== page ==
George Kingston came to Kokomo in 1901 to work in the Ford and Donnelly Factory as a pattern maker. He brought with him from Michigan the natural mechanical abilities and inventive nature that made him a Kokomo icon.
During his time at the Ford and Donnelly foundry, he tinkered with a new design for a carburetor. In 1903, he left the foundry to produce carburetors for his friend Henry Ford’s Model T. When production outgrew his small shop, he joined three other men to start the Byrne-Kingston company, which eventually merged with Kokomo Brass and Kokomo Electric to become Kingston Products. The success of the carburetor led to other designs and products, including spark plugs and coils and a line of toys. The race cars, fire trucks and roller skates manufactured under the name of Kokomo Toys are highly prized today by collectors. During World War II, Kingston shifted to war production, building high explosive shells and parts for military vehicles. The company earned production awards from the Army and Navy in 1942, 1943 and 1944. Kingston Products operated in Kokomo until 1989.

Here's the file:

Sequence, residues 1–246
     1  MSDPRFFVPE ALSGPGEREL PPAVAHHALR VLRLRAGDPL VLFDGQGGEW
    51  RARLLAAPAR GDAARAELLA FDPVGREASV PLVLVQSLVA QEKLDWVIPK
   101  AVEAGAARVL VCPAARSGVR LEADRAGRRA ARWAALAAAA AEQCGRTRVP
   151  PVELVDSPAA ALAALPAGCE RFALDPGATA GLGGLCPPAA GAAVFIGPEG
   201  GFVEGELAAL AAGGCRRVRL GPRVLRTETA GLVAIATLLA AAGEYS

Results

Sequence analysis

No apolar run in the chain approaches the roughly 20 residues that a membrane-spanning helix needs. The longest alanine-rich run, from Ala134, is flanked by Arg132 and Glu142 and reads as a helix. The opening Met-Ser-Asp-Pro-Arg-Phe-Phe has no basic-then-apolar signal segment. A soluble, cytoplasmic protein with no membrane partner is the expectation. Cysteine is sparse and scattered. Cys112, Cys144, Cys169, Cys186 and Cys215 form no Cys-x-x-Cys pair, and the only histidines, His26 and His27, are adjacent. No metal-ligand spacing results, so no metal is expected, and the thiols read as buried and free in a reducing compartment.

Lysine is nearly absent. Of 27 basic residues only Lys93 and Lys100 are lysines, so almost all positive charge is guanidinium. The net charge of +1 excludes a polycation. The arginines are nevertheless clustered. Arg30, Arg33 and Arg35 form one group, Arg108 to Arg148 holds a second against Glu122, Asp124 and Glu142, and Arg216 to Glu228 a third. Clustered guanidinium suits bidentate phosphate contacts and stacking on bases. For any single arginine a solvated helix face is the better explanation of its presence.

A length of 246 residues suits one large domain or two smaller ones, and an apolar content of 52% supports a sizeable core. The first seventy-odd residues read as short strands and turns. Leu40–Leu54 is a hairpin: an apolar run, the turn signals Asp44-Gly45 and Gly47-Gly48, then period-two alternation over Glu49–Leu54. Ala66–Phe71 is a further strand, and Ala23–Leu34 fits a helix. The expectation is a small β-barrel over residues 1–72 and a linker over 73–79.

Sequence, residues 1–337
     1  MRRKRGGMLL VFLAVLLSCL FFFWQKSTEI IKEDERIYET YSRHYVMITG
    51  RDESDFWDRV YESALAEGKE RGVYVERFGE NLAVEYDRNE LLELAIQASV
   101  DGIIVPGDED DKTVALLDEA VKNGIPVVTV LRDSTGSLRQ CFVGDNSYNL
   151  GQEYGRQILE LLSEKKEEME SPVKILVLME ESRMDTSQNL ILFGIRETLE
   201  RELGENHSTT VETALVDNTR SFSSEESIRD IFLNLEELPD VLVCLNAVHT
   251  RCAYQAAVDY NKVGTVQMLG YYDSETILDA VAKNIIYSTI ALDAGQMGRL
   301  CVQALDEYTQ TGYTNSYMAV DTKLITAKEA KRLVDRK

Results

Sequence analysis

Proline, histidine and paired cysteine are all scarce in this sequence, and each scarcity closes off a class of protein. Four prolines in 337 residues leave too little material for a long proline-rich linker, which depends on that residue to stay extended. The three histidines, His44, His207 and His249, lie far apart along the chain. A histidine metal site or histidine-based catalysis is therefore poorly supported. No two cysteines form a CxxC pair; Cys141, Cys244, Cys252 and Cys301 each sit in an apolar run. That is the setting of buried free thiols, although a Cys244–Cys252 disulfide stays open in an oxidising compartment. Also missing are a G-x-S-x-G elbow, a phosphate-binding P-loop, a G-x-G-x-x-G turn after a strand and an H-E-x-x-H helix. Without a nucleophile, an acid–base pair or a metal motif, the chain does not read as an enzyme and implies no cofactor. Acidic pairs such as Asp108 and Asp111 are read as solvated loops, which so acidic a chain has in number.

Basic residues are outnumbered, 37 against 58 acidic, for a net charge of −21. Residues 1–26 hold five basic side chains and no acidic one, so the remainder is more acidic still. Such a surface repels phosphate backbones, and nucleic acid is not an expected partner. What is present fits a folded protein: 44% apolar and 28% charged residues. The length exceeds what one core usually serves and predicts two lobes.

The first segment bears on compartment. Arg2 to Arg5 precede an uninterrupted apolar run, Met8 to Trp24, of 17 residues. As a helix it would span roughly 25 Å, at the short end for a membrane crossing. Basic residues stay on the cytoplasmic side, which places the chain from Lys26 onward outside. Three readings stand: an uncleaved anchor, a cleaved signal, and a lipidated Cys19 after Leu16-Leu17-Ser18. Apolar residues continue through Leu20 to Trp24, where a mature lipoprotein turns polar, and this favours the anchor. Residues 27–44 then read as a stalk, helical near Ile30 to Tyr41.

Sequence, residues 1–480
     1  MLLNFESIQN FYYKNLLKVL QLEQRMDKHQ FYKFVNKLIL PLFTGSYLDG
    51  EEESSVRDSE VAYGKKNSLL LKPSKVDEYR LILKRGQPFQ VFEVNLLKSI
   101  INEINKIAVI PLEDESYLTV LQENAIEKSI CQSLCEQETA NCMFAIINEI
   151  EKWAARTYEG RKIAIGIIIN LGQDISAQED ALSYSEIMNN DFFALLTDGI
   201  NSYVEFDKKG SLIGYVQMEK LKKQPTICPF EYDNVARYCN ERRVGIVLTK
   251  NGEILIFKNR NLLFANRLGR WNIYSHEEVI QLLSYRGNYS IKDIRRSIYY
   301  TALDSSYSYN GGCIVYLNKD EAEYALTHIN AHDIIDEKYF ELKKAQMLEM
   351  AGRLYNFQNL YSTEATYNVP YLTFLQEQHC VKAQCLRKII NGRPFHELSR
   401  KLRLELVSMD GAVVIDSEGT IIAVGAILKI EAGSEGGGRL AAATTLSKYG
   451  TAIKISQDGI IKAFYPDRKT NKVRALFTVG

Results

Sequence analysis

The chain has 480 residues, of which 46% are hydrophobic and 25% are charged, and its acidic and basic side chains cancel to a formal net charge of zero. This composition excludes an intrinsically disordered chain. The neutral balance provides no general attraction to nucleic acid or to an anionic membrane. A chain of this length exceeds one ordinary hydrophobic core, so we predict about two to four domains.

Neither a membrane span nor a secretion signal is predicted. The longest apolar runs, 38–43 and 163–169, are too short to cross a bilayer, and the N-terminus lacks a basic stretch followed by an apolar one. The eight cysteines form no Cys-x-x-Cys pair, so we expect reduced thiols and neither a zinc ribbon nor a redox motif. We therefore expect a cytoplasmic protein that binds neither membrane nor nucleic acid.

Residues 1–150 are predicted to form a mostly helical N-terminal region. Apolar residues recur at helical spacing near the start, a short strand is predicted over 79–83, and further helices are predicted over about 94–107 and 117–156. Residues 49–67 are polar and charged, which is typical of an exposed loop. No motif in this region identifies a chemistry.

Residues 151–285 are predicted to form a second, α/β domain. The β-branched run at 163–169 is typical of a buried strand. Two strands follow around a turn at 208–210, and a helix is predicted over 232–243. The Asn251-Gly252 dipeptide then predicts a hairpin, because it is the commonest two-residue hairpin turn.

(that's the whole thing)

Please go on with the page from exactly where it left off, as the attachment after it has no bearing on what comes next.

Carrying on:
His factories and designs made Kingston a wealthy man, so much so that he was able to purchase the Seiberling Mansion as his residence in 1914. His family lived in the Seiberling until 1931, and his son and daughter were born there. According to his daughter, the murals on the second floor were commissioned by George and represent his interests in fishing, Michigan, and Florida. After his death in 1946, the family sold the property to Indiana University.